Of course, the answer is none of the above. Khatami was not referring to any of those incidents of Muslim violence against Christians, or persecution and harassment of Christians, all of which took place during the last month. No, what Khatami was referring to was the Pope’s speech at Regenburg that touched off the Pope Rage riots of last year — and why? Because the Pope quoted a 14th-century Byzantine emperor suggesting that Islam was violent.
Now consider for a moment what he could have done on this occasion. Shaking hands with the Pope, Khatami could have decried the Muslim persecution of Christians, apologized for it, and called upon Muslims to treat the “People of the Book” with all the respect that Islamic apologists in the West claim they have for them. He could have told the Pope, “I deplore your remarks about Islam and Muhammad, although I am aware that you have made it clear that you do not share those sentiments, and I have determined that the best response to them is to show the world that Islam is peaceful and rational. I ask Muslims worldwide to behave in this manner, thus removing any cause anyone might have to suspect that the Emperor Manuel II Paleologos was right about our religion and our prophet.”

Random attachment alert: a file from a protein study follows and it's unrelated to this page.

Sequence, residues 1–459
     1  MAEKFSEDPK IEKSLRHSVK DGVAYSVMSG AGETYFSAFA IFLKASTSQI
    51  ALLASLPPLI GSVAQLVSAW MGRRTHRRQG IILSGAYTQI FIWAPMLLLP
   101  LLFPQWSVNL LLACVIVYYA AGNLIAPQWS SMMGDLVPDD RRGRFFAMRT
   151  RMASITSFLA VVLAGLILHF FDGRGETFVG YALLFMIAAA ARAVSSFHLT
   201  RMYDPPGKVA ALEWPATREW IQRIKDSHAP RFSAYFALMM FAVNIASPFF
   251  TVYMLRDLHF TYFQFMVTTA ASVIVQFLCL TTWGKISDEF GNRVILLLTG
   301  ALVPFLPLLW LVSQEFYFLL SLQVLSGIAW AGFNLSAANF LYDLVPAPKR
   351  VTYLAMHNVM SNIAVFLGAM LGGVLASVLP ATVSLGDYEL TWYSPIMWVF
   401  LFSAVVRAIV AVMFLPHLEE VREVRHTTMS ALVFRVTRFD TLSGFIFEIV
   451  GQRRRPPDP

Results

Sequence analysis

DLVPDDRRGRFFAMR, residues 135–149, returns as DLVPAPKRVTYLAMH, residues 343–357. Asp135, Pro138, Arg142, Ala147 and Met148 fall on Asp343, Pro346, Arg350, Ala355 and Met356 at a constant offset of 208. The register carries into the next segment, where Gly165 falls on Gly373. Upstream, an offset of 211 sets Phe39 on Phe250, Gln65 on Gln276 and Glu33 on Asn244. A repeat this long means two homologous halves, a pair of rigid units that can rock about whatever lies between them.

But he didn’t say anything like this, of course. He just whined and played the victim, after the well-established pattern of the spokesmen for his coreligionists in the West.
By Philip Pullella for Reuters, with thanks to JS:
VATICAN CITY (Reuters) – Former Iranian president Mohammad Khatami met Pope Benedict on Friday and said the wounds between Christians and Muslims were still “very deep,” including those caused by a controversial papal speech last September.
Khatami became one of the most prominent Muslim clerics to visit the
Vatican since the Pope’s controversial Regensburg speech which angered Muslims by appearing to link Islam and violence.
“These wounds are very deep. There are many wounds and they cannot heal that easily,” Khatami told a conference in Rome just before the papal meeting, when asked if the wounds that followed the Pontiff’s speech in his native Germany had been healed.
“For sure, a meeting with the Holy Father cannot be enough to heal all these wounds but at least we are making a joint effort in order to start healing these wounds,” Khatami said.